Cody was telling me about an article he read about a Jewish school's basketball team. The school realized at the beginning of the season that because of the league they were in, it was possible that games might be scheduled on Friday nights or Saturdays, times that Sabbath law would forbid them from playing. And the school determined that if that happened, they would forfeit the game instead of play. I think that's a mature decision to make.
But, the team ended up doing remarkably well. In fact, they got to some important play-off games and uh-oh, the bad situation happened. A play-off game was scheduled for 9 PM on a Friday night. The school did not protest. Their stance had been outlined clearly from the beginning. But, a few of the team parents got together and sued the league in order to get the game rescheduled to a time when the Sabbath would not prevent them from playing. They won, the game was rescheduled for 2PM Friday (before sundown), and the kids missed an opportunity for a beautiful (but very hard) lesson.
Well, I guess the kids did learn a lesson, but it's not the one I would have wanted my own kids to learn. They learned to put themselves first, demand their "rights", and sue over any perceived religious persecution. They could have learned that basketball is fun, and winning is even more fun, but humbly submitting to our first commitment of serving and obeying God is the most important thing in our lives. Sometimes our commitment to God involves sacrifice. Not everyone in the world is going to tailor their schedules to fit our religious beliefs, and I don't think we should expect them to do so.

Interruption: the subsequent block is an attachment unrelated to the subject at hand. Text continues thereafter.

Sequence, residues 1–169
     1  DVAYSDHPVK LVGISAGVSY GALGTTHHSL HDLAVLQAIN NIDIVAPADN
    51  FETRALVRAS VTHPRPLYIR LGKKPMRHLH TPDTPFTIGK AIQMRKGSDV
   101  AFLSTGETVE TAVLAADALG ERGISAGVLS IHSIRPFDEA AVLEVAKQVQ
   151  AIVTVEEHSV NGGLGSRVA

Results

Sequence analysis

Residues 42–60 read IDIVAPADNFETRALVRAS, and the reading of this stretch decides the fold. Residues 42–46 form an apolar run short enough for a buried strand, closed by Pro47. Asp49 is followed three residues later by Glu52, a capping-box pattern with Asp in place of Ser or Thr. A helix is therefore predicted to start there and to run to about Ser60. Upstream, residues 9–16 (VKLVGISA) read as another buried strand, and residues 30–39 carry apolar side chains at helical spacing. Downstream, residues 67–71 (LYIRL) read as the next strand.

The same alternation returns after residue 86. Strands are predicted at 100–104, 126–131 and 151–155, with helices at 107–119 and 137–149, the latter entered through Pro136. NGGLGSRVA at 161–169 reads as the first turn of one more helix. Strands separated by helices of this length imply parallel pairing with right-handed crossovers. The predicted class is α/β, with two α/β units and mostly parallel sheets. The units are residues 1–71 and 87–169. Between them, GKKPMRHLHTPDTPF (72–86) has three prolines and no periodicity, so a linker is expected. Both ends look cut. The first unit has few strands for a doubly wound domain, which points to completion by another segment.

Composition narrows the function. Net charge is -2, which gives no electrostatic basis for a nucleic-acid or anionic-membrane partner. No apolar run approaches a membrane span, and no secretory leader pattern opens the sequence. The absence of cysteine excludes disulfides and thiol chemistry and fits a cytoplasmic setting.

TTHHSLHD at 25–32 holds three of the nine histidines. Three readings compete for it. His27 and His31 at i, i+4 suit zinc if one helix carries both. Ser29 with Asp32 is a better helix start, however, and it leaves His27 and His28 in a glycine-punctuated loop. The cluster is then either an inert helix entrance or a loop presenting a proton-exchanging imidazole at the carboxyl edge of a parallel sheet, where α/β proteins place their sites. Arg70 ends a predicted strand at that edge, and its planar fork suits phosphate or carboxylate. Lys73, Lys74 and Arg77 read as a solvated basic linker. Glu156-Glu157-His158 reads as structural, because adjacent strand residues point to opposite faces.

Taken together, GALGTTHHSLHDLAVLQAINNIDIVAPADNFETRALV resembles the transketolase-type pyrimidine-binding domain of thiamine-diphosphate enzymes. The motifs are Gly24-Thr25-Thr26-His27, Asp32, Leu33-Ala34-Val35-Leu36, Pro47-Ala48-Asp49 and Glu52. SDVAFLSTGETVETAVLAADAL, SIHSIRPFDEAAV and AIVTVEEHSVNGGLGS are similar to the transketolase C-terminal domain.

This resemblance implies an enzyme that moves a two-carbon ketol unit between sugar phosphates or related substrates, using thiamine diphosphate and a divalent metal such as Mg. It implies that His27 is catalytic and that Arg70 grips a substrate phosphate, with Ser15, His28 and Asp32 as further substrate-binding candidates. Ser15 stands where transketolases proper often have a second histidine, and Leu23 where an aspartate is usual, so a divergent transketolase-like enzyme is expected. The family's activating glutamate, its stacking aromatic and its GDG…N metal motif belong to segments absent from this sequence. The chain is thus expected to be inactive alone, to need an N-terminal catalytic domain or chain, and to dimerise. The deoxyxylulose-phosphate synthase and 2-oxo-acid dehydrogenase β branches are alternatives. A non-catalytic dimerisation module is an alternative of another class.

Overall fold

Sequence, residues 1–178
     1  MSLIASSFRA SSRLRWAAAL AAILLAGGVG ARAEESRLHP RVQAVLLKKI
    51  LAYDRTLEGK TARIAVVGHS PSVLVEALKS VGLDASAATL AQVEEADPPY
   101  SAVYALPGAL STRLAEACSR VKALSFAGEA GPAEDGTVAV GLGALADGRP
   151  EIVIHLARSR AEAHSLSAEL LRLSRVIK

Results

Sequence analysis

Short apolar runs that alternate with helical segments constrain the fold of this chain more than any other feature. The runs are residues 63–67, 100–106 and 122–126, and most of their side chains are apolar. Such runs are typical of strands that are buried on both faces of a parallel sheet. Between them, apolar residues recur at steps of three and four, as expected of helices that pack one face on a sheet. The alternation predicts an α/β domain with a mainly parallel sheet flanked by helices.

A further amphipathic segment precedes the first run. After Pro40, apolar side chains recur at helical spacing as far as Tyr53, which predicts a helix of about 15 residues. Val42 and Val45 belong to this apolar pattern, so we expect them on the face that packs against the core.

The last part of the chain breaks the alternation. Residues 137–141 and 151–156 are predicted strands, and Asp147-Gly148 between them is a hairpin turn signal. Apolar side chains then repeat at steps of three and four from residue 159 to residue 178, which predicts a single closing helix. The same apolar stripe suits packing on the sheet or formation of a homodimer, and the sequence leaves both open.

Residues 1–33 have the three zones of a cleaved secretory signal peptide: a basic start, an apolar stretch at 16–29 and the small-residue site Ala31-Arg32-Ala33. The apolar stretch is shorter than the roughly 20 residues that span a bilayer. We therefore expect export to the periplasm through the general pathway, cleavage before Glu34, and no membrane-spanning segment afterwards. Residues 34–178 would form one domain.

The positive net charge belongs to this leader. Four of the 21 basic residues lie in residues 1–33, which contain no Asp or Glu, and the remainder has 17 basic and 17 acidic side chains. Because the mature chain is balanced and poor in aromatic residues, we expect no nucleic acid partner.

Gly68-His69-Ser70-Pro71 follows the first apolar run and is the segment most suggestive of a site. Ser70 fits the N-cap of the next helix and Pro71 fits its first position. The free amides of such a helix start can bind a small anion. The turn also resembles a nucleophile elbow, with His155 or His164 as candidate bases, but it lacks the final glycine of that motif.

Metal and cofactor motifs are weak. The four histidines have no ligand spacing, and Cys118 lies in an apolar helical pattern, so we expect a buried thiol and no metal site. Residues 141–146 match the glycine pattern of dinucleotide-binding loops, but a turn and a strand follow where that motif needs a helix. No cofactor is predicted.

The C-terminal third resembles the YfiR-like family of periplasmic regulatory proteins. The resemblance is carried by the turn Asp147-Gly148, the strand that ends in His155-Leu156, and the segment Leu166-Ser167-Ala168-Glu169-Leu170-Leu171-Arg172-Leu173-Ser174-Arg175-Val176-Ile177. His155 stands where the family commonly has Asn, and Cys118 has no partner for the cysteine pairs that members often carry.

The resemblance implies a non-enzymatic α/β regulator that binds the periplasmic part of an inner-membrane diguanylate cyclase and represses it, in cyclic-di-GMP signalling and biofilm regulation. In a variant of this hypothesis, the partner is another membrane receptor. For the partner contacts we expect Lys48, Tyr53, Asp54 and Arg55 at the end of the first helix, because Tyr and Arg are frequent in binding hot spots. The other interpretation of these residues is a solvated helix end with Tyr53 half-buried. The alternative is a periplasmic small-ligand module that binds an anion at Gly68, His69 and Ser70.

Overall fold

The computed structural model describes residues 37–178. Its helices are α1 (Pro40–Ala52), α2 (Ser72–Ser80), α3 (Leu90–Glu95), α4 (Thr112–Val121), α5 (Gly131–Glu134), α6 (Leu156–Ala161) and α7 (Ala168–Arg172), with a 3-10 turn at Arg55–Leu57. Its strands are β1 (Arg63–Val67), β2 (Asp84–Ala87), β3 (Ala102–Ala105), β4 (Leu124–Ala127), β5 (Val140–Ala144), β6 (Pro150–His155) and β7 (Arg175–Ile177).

I'm sure lots of people might see it differently. I can definitely see both sides of the matter, and I do think it's a shame to miss out on a play-off game. But I don't think we can expect the world to fit our lives as God-followers like a glove on a hand. The ways of the world and the ways of God are vastly different. This type of conflict is going to arise in the lives of Christians, too. It boils down to a choice to fulfill our religious commitments even when it costs us something in the eyes of the world instead of demanding that the world let us have both.